Mystic Masonry or The Symbols of Freemasonry and the Greater Mysteries of Antiquity
By J. D. Buck M.D.
The spirit of unrest is in the air. On the surface of things today, Commercialism most often and most loudly claims attention. Great combinations of capital and the massing of millions seem the order of the day.
Within the body politic organization and cooperation is being tried on a scale never before recorded in the history of man, and economic problems are being tested in a way that cannot help adding immensely to the combined experience of mankind.
What the final outcome may be, only the wisest could now say, and perhaps only the foolish would venture to predict.
But human nature is essentially a stable product, and can be relied on in any event.
Deep in the heart of man lies the principle of justice and equity, and no abuse that selfishness and greed can devise can long have any permanency.
We may be far from the universal reign of Brotherhood, but there is something deep down in the heart of man that continually strives toward it.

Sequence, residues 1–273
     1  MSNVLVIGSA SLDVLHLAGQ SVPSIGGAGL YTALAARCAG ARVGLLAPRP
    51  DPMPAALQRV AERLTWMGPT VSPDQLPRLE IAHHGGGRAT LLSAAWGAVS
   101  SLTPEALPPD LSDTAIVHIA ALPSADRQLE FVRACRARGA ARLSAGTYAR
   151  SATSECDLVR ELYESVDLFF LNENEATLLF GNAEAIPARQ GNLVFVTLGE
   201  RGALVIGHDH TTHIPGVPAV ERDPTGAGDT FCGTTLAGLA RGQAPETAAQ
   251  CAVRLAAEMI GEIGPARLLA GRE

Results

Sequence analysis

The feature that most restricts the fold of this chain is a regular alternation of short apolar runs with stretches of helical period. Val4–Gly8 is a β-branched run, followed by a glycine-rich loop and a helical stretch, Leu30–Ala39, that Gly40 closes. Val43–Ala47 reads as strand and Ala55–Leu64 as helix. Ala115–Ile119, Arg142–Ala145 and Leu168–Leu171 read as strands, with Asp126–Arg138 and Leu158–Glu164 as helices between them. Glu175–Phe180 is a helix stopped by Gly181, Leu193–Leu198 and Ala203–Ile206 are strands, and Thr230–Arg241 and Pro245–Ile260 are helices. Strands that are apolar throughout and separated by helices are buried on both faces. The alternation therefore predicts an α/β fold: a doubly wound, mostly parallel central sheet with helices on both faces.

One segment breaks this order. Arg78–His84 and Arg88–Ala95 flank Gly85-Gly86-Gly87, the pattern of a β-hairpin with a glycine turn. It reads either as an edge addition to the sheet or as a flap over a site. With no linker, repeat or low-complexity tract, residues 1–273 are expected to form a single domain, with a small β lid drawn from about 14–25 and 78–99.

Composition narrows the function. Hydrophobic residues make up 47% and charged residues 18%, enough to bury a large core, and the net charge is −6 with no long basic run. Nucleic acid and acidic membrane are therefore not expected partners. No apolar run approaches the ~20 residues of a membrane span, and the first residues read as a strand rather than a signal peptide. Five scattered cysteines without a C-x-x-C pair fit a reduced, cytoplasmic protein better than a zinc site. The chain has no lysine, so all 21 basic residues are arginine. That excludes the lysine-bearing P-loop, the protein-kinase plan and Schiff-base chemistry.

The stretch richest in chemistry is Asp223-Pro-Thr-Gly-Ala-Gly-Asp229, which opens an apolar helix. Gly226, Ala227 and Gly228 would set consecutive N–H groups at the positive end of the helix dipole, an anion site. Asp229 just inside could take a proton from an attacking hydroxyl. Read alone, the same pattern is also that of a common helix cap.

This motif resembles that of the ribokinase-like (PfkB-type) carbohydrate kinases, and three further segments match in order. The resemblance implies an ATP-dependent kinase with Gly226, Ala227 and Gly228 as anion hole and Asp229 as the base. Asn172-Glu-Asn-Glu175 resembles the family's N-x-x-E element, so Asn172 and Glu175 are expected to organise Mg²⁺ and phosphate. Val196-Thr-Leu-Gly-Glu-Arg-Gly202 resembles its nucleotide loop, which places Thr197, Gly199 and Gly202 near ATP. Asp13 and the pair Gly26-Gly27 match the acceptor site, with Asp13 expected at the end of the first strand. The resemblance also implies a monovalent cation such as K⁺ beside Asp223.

Potent as is all this commercial unrest and economic strife, other problems are equally up for solution. Using the term in its broadest sense, the Psychic problem keeps pace with the economic.
Ethics and Economics are inseparable. The conduct of the individual, and the use of the resources of life and the distribution of wealth, always involve both ethics and economics; in short, constitute them.
Outside the churches and religious literature we hear less about religion nowadays.
Indeed, many otherwise good people seem to think religion obsolete ; a thing of the past; a survival — where, indeed, it is admitted to have survived at all — of the dark ages. No greater mistake could possibly be made.
The surface problems may have changed; organizations may have broken up or disappeared, but the vital issues not only remain, but were never more in evidence than today.
Nor can it be otherwise so long as the essential nature of man remains unchanged.